It is no accident that Christopher thinks of his mind as a computer. He is a mathematical savant, able to perform complex mathematical formulas in his mind as easily as I compose sentences. All the chapters are prime numbers because he likes prime numbers. Though he is severely limited in his social interactions and attends a school where other children consume their own feces, Christopher is able to convince school officials to permit him to sit his A-levels in math.

The parts of this novel that sucked me in the most were those where I saw the interesting rules that Christopher used to govern his life. He followed a close schedule, and the rules that most of us learn as children, like don’t talk to strangers, are taken to an extreme with him. The minor phobias in his life were staggering, from his loathing for all things yellow and brown, to his refusal to use a bathroom that in his mind had been befouled. He wet his pants rather than use a toilet he found suspicious, even after it had been cleaned.

But for me, the best part was when Christopher’s discoveries for him to leave his father’s home and go to London. Terrified, overwhelmed and frightened, Christopher’s anxiety affected me as I read it.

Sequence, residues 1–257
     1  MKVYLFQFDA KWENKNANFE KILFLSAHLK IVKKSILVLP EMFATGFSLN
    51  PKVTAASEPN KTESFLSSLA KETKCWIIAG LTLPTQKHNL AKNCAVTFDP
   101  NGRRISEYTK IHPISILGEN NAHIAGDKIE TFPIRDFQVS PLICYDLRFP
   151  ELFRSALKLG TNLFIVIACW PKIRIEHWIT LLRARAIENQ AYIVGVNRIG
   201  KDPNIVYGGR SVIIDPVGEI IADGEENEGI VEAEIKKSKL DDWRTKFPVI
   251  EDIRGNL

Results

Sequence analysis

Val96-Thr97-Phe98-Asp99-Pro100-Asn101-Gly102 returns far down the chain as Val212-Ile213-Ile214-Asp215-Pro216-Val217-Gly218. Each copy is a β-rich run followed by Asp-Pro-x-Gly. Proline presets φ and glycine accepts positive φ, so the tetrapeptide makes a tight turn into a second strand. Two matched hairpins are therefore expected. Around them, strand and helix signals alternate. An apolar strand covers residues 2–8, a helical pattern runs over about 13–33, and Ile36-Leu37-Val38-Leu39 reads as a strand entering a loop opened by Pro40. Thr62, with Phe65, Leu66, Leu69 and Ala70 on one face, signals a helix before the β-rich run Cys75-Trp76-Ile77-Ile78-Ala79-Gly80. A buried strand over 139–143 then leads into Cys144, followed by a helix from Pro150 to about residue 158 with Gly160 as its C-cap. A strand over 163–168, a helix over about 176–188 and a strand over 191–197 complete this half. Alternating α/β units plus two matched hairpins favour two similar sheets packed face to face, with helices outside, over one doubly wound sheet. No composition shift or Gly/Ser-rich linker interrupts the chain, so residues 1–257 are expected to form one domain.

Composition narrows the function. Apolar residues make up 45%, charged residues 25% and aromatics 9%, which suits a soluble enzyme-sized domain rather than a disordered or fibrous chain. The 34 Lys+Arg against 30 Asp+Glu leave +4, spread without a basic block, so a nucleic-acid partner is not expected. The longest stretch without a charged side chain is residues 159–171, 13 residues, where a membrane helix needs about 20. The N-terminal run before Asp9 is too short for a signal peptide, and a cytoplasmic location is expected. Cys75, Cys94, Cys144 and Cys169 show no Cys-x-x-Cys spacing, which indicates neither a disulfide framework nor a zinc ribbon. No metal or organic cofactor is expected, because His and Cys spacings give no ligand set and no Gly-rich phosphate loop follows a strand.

So I put my hands over my ears to block out the noise and think. And I thought that I had to stay in the station to get on a train and I had to sit down somewhere and there was nowhere to sit down near the door of the station so I had to walk down the tunnel. So I said to myself, in my head, not out loud, “I will walk down the tunnel and there might be somewhere I can sit down and then I can shut my eyes and I can think,” and I walk down the tunnel trying to concentrate on the sign at the end of the tunnel that said WARNING CCTV in operation. And it was like stepping off the cliff on a tightrope.

The latter quarter of the novel is indeed a tightrope that the reader feels acutely as Christopher walks it. It was shocking to me at times how much I related to Christopher. My aversion to loud noise, hatred for being touched, my affinity for animals, which far trumps my affinity for humans, my dislike of change in general. While there are those who would argue that I am certainly maladjusted, I am definitely not autistic. I think it speaks volumes that Haddon could impart a commonality of experience between an autistic young man and a merely neurotic middle-age woman.

On several occasions, I felt this novel was a close cousin to some of Ruth Rendell’s depictions of mental illness. Writers of moderate skill can take you into someone’s mind, and show the thoughts, motivations and frustrations of an average person but it takes a deft hand and no small amount of talent to transport a reader into the mind of someone whose mind is so very different from the “average” mind. This book is amazing and I recommend it highly.